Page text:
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So spake he, and great Telamonian Aias failed not to hearken. [365] Forthwith he spake winged words to the son of Oïleus:“Aias, do ye twain, thou and strong Lycomedes, stand fast here and urge on the Danaans to fight amain, but I will go thither, and confront the war, and quickly will I come again, when to the full I have borne them aid.” [370] So saying Telamonian Aias departed, and with him went Teucer, his own brother, begotten of one father, and with them Pandion bare the curved bow of Teucer. Now when, as they passed along within the wall, they reached the post of great-souled Menestheus—and to men hard pressed they came— [375] the foe were mounting upon the battlements like a dark whirlwind, even the mighty leaders and rulers of the Lycians; and they clashed together in fight, and the battle-cry arose. Then Aias, son of Telamon, was first to slay his man, even great-souled Epicles, comrade of Sarpedon, [380] for he smote him with a huge jagged rock, that lay the topmost of all within the wall by the battlements. Not easily with both hands could a man, such as mortals now are, hold it, were he never so young and strong, but Aias lifted it on high and hurled it, and he shattered the four-horned helmet, and crushed together [385] all the bones of the head of Epicles; and he fell like a diver from the high wall, and his spirit left his bones. And Teucer smote Glaucus, the stalwart son of Hippolochus, as he rushed upon them, with an arrow from the high wall, where he saw his arm uncovered; and he stayed him from fighting. [390] Back from the wall he leapt secretly, that no man of the Achaeans might mark that he had been smitten, and vaunt over him boastfully. But over Sarpedon came grief at Glaucus' departing, so soon as he was ware thereof, yet even so forgat he not to fight, but smote with a thrust of his spear Alcmaon, son of Thestor, with sure aim, [395] and again drew forth the spear. And Alcmaon, following the spear, fell headlong, and about him rang his armour, dight with bronze. But Sarpedon with strong hands caught hold of the battlement and tugged, and the whole length of it gave way, and the wall above was laid bare, and he made a path for many.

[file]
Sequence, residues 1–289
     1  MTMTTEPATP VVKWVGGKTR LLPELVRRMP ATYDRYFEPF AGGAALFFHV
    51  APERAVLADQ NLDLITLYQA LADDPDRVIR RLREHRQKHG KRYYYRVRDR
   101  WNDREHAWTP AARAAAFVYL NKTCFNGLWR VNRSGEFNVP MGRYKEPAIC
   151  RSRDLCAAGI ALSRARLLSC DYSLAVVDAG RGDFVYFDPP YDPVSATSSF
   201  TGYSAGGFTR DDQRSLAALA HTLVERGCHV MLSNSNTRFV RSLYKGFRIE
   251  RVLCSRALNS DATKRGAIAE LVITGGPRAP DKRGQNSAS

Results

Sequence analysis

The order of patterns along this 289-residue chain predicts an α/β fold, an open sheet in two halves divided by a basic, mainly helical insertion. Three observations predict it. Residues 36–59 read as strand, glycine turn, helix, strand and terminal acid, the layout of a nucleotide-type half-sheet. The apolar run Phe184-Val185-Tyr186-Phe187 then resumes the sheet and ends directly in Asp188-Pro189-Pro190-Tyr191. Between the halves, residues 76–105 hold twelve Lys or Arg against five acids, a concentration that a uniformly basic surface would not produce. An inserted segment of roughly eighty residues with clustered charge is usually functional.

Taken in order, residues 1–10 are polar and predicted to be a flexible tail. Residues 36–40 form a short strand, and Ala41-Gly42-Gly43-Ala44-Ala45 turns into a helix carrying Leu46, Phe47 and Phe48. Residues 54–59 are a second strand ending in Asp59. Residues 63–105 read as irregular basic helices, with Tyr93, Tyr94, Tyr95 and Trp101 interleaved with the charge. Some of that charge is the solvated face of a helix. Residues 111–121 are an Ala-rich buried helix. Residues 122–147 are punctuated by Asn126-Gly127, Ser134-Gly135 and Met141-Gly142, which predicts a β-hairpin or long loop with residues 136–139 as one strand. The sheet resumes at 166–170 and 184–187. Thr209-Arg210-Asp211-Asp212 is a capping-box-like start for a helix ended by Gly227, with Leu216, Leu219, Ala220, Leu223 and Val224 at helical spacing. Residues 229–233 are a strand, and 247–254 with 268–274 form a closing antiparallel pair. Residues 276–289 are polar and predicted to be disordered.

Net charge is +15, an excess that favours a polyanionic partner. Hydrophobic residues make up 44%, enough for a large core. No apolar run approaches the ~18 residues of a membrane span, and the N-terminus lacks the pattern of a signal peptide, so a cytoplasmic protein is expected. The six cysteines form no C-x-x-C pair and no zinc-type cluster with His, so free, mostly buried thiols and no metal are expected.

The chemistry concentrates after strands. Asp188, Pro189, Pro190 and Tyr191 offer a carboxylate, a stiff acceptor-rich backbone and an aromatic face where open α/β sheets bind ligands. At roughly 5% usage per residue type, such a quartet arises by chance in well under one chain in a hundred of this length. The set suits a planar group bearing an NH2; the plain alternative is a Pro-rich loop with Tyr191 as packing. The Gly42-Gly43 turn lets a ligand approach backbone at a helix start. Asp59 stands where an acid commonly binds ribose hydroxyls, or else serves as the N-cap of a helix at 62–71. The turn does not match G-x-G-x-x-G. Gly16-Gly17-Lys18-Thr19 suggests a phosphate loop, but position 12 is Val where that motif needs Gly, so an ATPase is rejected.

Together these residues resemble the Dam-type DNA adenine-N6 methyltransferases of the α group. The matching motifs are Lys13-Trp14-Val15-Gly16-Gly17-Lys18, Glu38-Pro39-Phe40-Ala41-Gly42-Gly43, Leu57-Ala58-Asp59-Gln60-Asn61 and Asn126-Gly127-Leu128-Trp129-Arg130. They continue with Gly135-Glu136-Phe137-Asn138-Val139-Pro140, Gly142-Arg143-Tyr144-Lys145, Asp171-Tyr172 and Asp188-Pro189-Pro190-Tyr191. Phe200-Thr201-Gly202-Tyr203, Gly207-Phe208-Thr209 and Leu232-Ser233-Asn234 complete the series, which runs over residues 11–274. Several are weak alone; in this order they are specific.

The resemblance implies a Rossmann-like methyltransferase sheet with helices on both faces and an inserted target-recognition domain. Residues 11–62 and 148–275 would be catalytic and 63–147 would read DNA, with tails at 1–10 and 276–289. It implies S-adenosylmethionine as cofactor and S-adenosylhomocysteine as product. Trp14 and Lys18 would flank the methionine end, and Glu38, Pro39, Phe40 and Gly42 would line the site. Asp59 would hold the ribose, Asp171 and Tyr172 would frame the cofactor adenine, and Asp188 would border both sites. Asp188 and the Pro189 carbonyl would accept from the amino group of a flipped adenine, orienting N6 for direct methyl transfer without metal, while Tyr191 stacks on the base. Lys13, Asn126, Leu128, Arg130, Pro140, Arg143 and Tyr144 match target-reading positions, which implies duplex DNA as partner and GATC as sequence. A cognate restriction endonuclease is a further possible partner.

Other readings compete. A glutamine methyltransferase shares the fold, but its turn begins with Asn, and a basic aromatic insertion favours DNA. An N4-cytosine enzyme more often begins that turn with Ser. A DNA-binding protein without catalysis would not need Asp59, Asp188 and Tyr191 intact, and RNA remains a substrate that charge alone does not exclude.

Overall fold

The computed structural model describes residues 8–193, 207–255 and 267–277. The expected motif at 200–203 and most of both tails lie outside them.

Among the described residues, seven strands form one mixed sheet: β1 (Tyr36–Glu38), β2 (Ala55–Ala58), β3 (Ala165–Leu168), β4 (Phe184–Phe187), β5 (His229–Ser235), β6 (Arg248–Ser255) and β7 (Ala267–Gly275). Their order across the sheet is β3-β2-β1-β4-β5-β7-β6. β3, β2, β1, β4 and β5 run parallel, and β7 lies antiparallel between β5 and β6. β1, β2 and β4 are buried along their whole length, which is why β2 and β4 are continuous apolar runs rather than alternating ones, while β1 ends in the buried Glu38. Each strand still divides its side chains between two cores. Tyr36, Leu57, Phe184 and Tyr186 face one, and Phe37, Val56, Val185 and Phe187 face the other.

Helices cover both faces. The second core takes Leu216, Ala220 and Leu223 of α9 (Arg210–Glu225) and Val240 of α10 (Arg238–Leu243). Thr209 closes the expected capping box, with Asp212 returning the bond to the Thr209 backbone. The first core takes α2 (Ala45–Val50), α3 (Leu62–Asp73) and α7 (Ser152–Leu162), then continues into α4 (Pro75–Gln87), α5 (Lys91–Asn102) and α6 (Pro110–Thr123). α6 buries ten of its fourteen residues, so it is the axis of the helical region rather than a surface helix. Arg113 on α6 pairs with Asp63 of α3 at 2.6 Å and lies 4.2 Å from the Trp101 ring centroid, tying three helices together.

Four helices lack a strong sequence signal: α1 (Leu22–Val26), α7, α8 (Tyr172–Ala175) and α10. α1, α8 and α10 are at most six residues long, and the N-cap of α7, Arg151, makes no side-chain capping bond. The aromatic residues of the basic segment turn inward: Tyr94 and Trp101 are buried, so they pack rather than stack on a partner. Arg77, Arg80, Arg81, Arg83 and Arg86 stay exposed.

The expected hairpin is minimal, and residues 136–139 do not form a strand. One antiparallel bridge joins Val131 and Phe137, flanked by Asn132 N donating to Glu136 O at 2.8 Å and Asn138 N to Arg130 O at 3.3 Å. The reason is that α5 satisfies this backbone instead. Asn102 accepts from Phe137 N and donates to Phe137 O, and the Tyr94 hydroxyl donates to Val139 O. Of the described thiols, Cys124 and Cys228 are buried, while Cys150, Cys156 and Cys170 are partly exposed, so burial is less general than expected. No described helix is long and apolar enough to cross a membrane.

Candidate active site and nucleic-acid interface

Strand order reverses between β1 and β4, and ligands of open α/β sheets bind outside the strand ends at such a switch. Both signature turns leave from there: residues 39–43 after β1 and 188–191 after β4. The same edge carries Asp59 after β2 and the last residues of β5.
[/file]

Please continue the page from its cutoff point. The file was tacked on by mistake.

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    • Walter Leaf, Commentary on the Iliad (1900), 13.177
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